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homeless children making the transition into education and / or employment. This gave me an insight into how the government plans to tackle the issue in the future and was, like all the events, a chance to shape government policy. This was my main aim at conference: to go to the youth events and to the events that were directly about subjects I was taking this year to give me a greater knowledge of the subject area. The second youth event was about higher education and how to get young people involved in politics. Run by MEPs the discussion lasted the whole afternoon. I put a particular emphasis on politics being taught at an earlier age so we can understand the system we hope to be a part of when we finish education. The third day started with the Mayor of London’s speech. Boris Johnson’s speech was funny, intelligent and informative, making the whole of the main hall stand to applause when he had finished. The next event for me was about child abuse and the sexualisation of children on the internet. This event championed the charities removing hundreds of images every day, and the way we can prevent more images being uploaded. I then spoke about stopping the problem before it starts by changing our attitudes to sex through sex education classes at schools by teaching romance and love. This was championed by Maria Miller MP and the idea will be put forward to Michael Gove. When that event and lunch was over, I ran across the main square to see the Health and Education event taking place. This produced what was for me the talk of Conference by Jeremy Hunt. He talked about what he had done and what he planned to do, admitting that mistakes had been made and how he was planning to get rid of these problems in the future. He was the only Cabinet Minister other than David Cameron and Boris Johnson to get a standing ovation. The final day only lasted the morning with David Cameron’s speech the only event of the day. Afterwards we left the secure zone for the last time with a definite desire to go to Birmingham next year, especially with it being the conference just before the 2015 General election.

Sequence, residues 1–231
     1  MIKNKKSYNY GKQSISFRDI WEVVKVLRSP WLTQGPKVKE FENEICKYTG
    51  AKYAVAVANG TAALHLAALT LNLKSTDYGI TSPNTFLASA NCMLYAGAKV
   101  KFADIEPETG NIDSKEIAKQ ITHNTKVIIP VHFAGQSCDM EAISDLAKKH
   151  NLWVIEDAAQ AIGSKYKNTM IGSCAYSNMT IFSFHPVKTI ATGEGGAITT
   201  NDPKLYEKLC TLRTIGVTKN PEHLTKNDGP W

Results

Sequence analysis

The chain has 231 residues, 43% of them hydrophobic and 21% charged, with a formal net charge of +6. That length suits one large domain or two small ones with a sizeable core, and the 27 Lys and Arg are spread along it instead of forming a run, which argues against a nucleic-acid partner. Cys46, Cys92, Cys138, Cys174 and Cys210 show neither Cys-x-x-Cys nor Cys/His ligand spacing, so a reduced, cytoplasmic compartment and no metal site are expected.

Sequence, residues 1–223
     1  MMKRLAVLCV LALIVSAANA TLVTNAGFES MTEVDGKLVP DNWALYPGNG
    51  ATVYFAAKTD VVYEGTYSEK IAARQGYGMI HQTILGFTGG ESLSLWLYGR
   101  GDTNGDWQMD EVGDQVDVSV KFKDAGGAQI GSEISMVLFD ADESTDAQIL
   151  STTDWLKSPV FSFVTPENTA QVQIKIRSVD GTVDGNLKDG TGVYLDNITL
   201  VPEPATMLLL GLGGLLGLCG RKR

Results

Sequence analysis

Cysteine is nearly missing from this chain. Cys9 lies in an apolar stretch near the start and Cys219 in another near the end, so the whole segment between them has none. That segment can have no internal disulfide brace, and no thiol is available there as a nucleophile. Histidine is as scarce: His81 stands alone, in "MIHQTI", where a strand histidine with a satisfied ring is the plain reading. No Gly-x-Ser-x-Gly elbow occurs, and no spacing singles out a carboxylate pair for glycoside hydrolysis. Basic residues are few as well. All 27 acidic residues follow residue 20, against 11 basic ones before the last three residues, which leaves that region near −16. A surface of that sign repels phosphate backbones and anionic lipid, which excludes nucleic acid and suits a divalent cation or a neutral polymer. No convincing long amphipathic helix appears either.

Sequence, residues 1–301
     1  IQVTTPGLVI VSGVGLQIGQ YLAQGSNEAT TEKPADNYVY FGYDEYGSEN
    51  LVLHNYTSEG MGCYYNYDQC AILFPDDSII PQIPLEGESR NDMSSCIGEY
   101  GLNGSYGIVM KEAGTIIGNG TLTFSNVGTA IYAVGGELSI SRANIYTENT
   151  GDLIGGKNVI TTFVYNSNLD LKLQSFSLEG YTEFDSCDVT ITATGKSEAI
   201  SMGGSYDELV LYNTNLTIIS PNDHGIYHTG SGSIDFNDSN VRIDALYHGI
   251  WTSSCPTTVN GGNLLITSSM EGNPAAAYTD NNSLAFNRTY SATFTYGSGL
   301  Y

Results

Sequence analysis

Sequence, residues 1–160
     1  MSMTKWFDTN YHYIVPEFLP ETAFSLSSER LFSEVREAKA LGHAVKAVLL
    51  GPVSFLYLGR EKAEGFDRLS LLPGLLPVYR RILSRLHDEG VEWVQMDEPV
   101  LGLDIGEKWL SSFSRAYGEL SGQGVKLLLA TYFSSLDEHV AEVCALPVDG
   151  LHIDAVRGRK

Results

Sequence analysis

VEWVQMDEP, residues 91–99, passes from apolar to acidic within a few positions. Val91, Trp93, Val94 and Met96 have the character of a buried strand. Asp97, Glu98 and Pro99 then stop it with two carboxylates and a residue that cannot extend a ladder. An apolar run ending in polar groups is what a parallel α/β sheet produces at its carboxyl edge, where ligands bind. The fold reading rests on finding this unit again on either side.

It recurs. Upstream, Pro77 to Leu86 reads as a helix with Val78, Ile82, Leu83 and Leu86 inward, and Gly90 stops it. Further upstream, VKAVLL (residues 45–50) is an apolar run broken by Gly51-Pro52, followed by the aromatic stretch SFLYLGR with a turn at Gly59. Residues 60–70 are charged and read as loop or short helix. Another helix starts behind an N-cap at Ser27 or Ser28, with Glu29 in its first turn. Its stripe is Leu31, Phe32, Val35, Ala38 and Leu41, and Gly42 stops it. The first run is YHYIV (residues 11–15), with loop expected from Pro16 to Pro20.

Health & Social Care students at Ness Court Level 3 Health & Social Care students visited Ness Court in Burwell earlier this term to meet staff and residents. The visit was designed to give the students first-hand experience of a care setting as well as to provide ideas for future careers.